Enter the piranha club at your own risk
by refusing his bid for an injunction against shareholders who had placed him on gardening leave ahead of his contract’s end this January. Dennis himself had originally taken full control of McLaren only after ousting fellow shareholder Teddy Mayer in a bitter showdown some 35 years before.
The team had been in decline since their early glory years, and, having been installed as co-director via title sponsor Marlboro, Dennis swooped while McLaren were at their lowest. The keys to the kingdom were his alone. Had that remained so, it is unlikely the matter of rule would have come before court, but to buy Mayer’s share, Dennis needed more funds – hence Mansour Ojjeh of TAG came in as a 50 per cent shareholder. As TAG McLaren the team dominated F1 between 1984 and 1991, rst with TAG engines (designed and built by Porsche), then via a four-year Honda-powered spell. Fallow years followed, as they had under Mayer, but TAG money, crucially, oiled any shortfalls. Then came Mercedes, and more titles, but with that came more dilution: Dennis and Ojjeh hived off 20 per cent each to Daimler (Mercedes’ owners), retaining a 60 per cent block.
Still this dilution did not stop: Daimler planned to up their stake to 60 per cent, with the Dennis-Ojjeh partnership retaining control via their 40 per cent voting block, But then, in a surprise move, in January 2007 they moved 15 per cent each to Mumtalakat, the investment arm of the Kingdom of Bahrain, then exing its nancial muscles after entering F1 via the country’s inaugural 2004 grand prix. Daimler were not amused: they held 40 per cent, Mumtalakat owned 30 per cent, and Dennis and Ojjeh had 15 per cent each, yet Dennis and Ojjeh continued to exercise control via tripartite agreements with Mumtalakat.
That year, a number of events occurred that would precipitate Dennis’s departure from the company he had rebuilt in his own punctilious image. First, he failed to manage the acrimony between his two drivers, Fernando Alonso and Lewis Hamilton, a combustible mix that nally detonated in Hungary when the two deliberately impeded one another during qualifying, resulting in Hamilton reporting his own team-mate to the stewards. Both drivers fell short of winning the championship and Alonso extracted himself from his contract.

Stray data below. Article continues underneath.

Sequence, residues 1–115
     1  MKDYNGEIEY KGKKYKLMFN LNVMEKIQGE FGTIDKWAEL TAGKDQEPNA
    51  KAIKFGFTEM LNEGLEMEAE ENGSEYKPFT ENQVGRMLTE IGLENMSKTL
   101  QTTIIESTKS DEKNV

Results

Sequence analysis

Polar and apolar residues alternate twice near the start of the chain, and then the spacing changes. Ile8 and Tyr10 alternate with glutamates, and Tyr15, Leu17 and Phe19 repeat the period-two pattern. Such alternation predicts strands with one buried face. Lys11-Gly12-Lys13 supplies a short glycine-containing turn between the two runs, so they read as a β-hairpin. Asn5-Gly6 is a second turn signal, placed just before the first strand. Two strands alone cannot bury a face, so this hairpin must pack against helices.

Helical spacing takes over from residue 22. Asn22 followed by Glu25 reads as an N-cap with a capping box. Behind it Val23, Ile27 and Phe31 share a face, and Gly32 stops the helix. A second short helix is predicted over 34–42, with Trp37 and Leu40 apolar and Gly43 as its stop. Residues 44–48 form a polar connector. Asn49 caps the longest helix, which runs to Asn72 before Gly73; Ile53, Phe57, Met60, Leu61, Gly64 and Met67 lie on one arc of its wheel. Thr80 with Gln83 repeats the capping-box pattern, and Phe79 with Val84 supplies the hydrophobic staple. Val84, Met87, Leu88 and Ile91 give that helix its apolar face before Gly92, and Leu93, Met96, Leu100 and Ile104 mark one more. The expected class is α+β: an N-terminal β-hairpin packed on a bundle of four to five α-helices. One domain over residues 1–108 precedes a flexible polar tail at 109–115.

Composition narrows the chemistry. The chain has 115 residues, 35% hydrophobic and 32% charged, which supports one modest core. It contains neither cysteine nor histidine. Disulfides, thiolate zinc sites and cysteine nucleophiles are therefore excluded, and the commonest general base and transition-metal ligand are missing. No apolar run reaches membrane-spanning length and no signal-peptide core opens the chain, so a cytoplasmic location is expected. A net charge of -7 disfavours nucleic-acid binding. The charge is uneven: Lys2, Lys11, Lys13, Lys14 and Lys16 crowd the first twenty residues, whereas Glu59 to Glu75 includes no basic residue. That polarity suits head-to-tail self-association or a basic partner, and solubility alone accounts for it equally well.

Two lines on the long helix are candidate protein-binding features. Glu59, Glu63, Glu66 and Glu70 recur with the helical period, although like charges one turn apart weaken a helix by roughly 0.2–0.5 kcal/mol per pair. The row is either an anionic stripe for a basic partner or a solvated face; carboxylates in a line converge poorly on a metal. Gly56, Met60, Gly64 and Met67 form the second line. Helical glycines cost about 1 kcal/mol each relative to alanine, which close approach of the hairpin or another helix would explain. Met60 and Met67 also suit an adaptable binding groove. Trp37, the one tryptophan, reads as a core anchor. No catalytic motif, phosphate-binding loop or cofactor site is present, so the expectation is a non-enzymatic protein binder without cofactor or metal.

Dennis was also in denial over the ongoing ‘Spygate’ controversy, though his stubborn loyalty to his employees does him great credit. The $100million ne damaged the reputation of McLaren (and, by extension, its shareholders), as well as Dennis himself. The gulf between the shareholders widened, and in 2009 Daimler sold their stake back to McLaren and purchased Brawn GP. The 40 per cent was carved up among the remaining shareholders on a 50/25/25 per cent basis in favour of Mumtalakat and the two partners.
By then, Dennis had relinquished his executive hold and handed responsibility to his right-hand man, Martin Whitmarsh. But as the F1 team’s performance declined, Dennis re-emerged and ousted Whitmarsh in a coup – without recourse to Ojjeh, who was recuperating from a double lung transplant at the time. This was one of a number of issues that caused Ojjeh and Dennis to fall out.
From then on, the dice were stacked 75 per cent against Dennis, and, although he attempted to regain control by gaining fresh investment to buy out the other shareholders, they refused to sell. Ojjeh and Mumtalakat set the piranhas on him in mid-October, and he was told his contract would not be renewed when it expired in January 2017.